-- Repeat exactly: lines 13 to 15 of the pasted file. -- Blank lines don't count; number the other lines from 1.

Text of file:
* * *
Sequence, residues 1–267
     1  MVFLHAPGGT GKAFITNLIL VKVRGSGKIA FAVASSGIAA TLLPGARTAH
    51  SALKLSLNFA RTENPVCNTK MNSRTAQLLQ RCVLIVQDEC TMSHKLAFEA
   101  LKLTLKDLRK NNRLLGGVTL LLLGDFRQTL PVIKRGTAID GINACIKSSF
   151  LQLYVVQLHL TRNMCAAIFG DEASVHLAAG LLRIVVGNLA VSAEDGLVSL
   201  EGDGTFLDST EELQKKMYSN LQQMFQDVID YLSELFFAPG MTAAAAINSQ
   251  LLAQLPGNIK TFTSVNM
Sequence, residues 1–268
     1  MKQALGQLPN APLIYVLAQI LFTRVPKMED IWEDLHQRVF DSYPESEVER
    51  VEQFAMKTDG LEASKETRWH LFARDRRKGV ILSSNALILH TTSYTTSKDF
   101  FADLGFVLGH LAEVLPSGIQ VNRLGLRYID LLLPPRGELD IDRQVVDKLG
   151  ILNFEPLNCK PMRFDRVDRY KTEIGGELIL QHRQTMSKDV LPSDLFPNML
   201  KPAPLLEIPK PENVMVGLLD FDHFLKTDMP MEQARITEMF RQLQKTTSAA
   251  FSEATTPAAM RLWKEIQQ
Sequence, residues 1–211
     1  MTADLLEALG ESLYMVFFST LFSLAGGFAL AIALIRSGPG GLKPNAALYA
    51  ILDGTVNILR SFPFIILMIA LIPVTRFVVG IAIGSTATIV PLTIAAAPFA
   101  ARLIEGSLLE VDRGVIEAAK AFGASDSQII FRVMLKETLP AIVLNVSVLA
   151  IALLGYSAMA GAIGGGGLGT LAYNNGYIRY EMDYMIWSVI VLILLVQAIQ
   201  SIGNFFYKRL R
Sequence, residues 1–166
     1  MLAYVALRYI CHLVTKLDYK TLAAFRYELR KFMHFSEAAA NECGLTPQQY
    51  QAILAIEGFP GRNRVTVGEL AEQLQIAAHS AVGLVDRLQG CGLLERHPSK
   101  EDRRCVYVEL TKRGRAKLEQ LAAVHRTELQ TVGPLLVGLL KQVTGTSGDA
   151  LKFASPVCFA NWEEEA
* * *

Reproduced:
   201  KPAPLLEIPK PENVMVGLLD FDHFLKTDMP MEQARITEMF RQLQKTTSAA
   251  FSEATTPAAM RLWKEIQQ
Sequence, residues 1–211